DONGOLA, often referred to as "Dongola al-‘Ajuz," the capital city of the medieval Nubian kingdom of MAKOURIA. It was situated on the east bank of the Nile about halfway between the Third and Fourth Cataracts. The name is said to be derived from a Nubian word for a hill or high place, perhaps reflecting the fact that the town occupied the top of a bluff overlooking the river.
Nothing is known either of Dongola or of Makouria in pre-Christian times, and the excavations thus far carried out at Dongola have not uncovered any remains of pre-Christian date. Makouria is first mentioned in the ecclesiastical histories of John of Ephesus and John of Biclarum dating from the sixth century, but neither of these sources names the capital of the kingdom. Dongola is first mentioned by name in medieval Arab histories dealing with the attempted Muslim conquests of Nubia in 641-642 and in 651-652. On each of these occasions the newly established rulers of Egypt attempted to extend their dominion over Nubia, and both military expeditions culminated in a battle before Dongola. On the first occasion, the invaders were successfully repulsed; on the second, the battle ended in a negotiated truce, the BAQT. Under its terms the Nubians were left free from foreign domination for over 600 years. As a result, Dongola and other Christian communities in Nubia grew and prospered.
The Fatimid envoy IBN SALIM AL-ASWANI has left a remarkably vivid account of his visit to Makouria in the tenth century, but unfortunately he gives no specific information about the capital city. However, the information in ABU SALIH's Churches and Monasteries of Egypt and Some Neighbouring Countries is probably derived largely from Ibn Salim. Of Dongola he writes: "It is a large city on the banks of the blessed Nile, and contains many churches and large houses and wide streets. The king's house is lofty, with several domes built of red brick, and resembles the buildings in Al-Irak. . . ." From another Arab source we learn that the royal palace was the only building of red brick. The other houses were of mud, reeds, or straw.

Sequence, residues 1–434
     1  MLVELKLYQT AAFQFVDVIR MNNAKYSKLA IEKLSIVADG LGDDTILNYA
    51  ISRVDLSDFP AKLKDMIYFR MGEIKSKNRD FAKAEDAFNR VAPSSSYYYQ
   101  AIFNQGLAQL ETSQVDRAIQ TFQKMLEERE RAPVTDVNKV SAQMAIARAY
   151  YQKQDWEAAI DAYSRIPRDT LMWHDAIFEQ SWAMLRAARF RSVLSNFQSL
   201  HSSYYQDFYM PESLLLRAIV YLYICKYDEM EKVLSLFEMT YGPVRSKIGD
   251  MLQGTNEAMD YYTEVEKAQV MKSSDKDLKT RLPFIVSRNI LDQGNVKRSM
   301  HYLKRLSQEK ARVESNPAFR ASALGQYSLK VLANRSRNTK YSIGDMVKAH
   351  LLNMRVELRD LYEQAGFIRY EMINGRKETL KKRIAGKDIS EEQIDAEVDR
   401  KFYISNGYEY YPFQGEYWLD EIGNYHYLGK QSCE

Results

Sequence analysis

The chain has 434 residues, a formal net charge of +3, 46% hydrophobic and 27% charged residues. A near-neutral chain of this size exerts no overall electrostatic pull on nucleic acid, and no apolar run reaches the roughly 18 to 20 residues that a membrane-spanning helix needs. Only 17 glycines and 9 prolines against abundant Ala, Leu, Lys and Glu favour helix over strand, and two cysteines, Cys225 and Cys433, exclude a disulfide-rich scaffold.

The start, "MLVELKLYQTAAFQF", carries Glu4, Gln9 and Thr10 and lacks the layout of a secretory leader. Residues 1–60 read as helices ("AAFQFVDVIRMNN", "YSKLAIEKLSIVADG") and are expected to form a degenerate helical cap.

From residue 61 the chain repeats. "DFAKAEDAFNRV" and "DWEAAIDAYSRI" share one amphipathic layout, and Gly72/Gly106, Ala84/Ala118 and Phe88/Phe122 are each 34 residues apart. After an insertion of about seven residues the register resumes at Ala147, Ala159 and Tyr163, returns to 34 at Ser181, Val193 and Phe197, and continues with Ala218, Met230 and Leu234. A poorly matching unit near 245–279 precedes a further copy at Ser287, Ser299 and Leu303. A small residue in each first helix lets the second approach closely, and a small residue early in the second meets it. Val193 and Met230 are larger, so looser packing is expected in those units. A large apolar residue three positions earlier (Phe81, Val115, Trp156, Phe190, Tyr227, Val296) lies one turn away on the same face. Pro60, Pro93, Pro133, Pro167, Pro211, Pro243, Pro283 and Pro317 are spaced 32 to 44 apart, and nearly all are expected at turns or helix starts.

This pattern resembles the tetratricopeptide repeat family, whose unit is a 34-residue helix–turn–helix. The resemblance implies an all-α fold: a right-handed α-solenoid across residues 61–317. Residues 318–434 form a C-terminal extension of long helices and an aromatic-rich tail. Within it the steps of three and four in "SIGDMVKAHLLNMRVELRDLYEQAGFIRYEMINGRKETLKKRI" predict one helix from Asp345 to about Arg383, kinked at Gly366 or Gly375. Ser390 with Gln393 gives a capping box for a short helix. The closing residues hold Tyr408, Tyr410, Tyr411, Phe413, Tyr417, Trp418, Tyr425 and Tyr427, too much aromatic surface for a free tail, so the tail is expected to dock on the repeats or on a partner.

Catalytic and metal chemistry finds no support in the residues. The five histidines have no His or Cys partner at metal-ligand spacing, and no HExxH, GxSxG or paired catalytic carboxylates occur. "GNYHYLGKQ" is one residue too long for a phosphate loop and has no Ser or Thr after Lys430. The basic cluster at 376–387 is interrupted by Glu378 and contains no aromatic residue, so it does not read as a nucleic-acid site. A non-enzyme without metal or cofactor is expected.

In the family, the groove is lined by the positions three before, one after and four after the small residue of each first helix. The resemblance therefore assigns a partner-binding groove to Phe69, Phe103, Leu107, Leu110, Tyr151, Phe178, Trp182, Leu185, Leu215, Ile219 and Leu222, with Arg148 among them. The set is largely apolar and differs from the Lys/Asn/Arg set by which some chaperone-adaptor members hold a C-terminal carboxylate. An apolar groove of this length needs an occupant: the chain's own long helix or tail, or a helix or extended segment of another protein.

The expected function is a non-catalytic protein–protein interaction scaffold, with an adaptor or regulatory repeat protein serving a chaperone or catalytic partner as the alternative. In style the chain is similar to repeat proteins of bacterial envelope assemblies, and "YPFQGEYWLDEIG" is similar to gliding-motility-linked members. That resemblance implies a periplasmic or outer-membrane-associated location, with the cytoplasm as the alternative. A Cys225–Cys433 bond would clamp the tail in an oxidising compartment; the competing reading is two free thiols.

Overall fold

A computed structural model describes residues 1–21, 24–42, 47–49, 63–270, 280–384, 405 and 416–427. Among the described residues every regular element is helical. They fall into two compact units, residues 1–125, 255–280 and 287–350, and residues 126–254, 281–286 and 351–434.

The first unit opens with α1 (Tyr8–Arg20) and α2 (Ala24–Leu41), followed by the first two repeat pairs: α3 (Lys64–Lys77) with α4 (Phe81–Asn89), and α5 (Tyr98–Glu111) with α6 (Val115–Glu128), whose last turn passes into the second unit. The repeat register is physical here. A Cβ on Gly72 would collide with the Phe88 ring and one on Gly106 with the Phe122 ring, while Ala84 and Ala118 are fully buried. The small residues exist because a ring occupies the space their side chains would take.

There are many references to Dongola in later medieval documents, dealing mainly with the Mamluk military campaigns in Nubia, but no descriptive information about the town is given. Archaeology shows, however, that the place had a long history, with many episodes of rebuilding. Even the destruction of the kingdom of Makouria in the fourteenth century did not spell the final downfall of its capital, for Dongola became the seat of a local chieftain of the Bedayria tribe. However, the French visitor Poncet described the houses as ill-built and the streets as half deserted and filled with sand when he passed by in 1698. Tribal chieftains, locally known as meks, continued to rule at Dongola until their power was finally extinguished by the Egyptian annexation of the Sudan in 1821. The new rulers established an administrative center at al-Urdi, about 100 km downstream from Dongola, and this place later came to be called Dongola al-Urdi or New Dongola, and finally just as Dongola. After its establishment, the old city was finally abandoned. Its ruins, which are still very conspicuous when seen from the river, are today usually designated as Old Dongola or Dongola al-‘Ajuz, to distinguish them from the newer administrative town.
The most conspicuous surviving building at Dongola al-‘Ajuz today is a two-story brick structure whose upper floor has been fitted out as a mosque. A stone tablet set into one of the walls proclaims that the mosque was dedicated in 1317. Prior to that time, and perhaps subsequently also, the building is believed to have been the royal palace. Archaeological excavations by a Polish expedition have also uncovered two impressive churches, one having sixteen columns of Aswan granite arranged in four rows, and the other having a cruciform plan like some of the churches in Syria and Armenia. Up to the present there has been little excavation in the townsite remains at Old Dongola, although the excavations are continuing.
The name of Dongola lives on in the tribal name of the Danaglah (sing., Dungulawi) Nubians—the most southerly group among whom the Nubian language still survives.
WILLIAM Y. ADAMS
Click tabs to swap between content that is broken into logical sections.